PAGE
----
53 U.S. senators should go to a D.C. library and read these books by black authors.
In recognition of Black History Month and the 150th anniversary of the 15th Amendment’s passage, which (theoretically) enabled black men to vote, the District of Columbia Public Library (DCPL) has been organizing events around the theme of “African Americans and the Vote.” Disenfranchisement isn’t a bygone memory but, as reporters, activists, scholars, and legal organizations have been saying for years now, a meticulous, ongoing practice.
Today, on a much lighter note, the DCPL released information about the most popular books by black authors that have been checked out since February 2019. Some of the findings don’t come as much of a surprise (Michelle Obama’s memoir Becoming was the second-most checked out nonfiction title in the library system).
But other results were pleasantly surprising. Take the fact that two of the top ten fictional works were written by young adult author Angie Thomas; Ta-Nehisi Coates is the only author with books in the top ten of both the fiction and nonfiction categories; and the most checked out Toni Morrison book of the last year wasn’t Beloved or Sula, but her debut novel, The Bluest Eye.
You can take a look below at the ten most popular fiction and nonfiction titles:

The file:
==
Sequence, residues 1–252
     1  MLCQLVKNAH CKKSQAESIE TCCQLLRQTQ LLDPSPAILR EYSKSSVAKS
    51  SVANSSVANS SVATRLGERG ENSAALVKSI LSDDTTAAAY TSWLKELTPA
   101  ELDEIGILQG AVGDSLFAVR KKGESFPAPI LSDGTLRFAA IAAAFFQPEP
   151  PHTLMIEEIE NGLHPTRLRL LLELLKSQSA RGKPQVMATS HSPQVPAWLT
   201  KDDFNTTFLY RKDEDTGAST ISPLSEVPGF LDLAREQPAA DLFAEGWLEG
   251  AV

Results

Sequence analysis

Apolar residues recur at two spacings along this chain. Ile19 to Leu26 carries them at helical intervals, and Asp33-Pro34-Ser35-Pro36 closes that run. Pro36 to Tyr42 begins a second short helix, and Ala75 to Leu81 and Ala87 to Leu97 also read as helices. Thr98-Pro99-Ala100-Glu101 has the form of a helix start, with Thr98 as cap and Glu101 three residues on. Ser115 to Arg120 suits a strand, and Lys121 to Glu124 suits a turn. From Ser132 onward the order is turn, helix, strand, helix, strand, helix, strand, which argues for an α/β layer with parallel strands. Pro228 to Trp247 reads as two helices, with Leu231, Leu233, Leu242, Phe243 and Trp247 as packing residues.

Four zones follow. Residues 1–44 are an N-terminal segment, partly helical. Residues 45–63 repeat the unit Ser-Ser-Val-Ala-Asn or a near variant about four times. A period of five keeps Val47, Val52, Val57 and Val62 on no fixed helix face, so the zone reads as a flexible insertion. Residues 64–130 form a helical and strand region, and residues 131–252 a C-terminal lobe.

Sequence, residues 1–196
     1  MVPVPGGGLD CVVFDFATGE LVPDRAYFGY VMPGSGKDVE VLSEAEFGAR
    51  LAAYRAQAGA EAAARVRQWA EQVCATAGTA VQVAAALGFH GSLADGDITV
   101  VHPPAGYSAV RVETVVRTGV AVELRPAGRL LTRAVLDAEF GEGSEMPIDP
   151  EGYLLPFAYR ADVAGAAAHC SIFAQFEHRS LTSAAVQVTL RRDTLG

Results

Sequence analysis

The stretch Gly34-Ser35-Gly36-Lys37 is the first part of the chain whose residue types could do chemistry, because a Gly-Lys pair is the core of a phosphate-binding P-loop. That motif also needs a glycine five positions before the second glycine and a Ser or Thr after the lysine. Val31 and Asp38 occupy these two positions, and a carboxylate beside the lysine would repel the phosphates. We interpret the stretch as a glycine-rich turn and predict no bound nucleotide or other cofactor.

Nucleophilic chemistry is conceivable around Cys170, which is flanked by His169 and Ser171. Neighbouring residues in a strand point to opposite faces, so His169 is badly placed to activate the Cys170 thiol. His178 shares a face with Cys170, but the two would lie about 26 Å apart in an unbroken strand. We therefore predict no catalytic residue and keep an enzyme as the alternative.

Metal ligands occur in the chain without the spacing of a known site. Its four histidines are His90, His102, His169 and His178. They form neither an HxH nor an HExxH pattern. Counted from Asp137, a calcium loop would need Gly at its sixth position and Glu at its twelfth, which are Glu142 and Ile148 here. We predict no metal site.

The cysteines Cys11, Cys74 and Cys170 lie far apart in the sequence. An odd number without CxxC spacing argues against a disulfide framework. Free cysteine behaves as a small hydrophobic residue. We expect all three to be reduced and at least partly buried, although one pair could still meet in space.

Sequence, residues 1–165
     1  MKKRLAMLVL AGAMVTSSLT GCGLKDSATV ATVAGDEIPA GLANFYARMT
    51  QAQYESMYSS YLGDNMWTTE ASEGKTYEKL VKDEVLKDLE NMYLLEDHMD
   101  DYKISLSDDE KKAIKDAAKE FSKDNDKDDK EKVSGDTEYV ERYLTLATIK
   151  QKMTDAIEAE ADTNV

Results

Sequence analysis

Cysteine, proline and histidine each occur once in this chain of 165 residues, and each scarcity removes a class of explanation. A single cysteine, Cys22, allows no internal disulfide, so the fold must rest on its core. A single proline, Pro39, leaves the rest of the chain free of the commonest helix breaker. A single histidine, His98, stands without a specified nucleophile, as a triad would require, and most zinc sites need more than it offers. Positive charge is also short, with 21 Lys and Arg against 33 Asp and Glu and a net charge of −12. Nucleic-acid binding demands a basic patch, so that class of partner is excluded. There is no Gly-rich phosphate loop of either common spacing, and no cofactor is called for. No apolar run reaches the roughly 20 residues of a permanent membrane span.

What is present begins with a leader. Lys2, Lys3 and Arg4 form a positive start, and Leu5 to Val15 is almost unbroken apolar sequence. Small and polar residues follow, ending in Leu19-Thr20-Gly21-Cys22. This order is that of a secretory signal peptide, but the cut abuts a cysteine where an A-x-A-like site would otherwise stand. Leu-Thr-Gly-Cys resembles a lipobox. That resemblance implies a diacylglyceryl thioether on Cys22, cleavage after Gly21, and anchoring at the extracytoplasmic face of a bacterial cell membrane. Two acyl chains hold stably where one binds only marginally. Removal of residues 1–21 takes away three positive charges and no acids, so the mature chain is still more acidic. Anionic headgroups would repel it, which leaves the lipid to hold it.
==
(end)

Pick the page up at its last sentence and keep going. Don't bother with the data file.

Top Fiction Titles
1. An American Marriage by Tayari Jones
2. The Hate U Give by Angie Thoms
3. Washington Black by Esi Edugyan
4. Heads of the Colored People by Nafissa Thompson-Spires
5. Homegoing by Yaa Gyasi
6. The Nickel Boys by Colson Whitehead
7. Sing, Unburied, Sing by Jesmyn Ward
8. On the Come Up by Angie Thomas
9. The Water Dancer by Ta-Nehisi Coates
10. The Bluest Eye by Toni Morrison
Top Nonfiction Titles
1. Becoming by Michelle Obama
2. Between the World and Me by Ta-Nehisi Coates
3. Chocolate City: A History of Race and Democracy in the Nation’s Capital by Chris Myers Asch
4. Frederick Douglass: Prophet of Freedom by David W. Blight
5. The Warmth of Other Suns: The Epic Story of America’s Great Migration by Isabel Wilkerson
6. Heavy by Kiese Laymon
7. How to Be an Antiracist by Ibram X. Kendi
8. The Color of Law: A Forgotten History of How Our Government Segregated America by Richard Rothstein
9. Spying on the South: An Odyssey Across the American Divide by Tony Horwitz
10. Barracoon: The Story of the Last “Black Cargo” by Zora Neale Hurston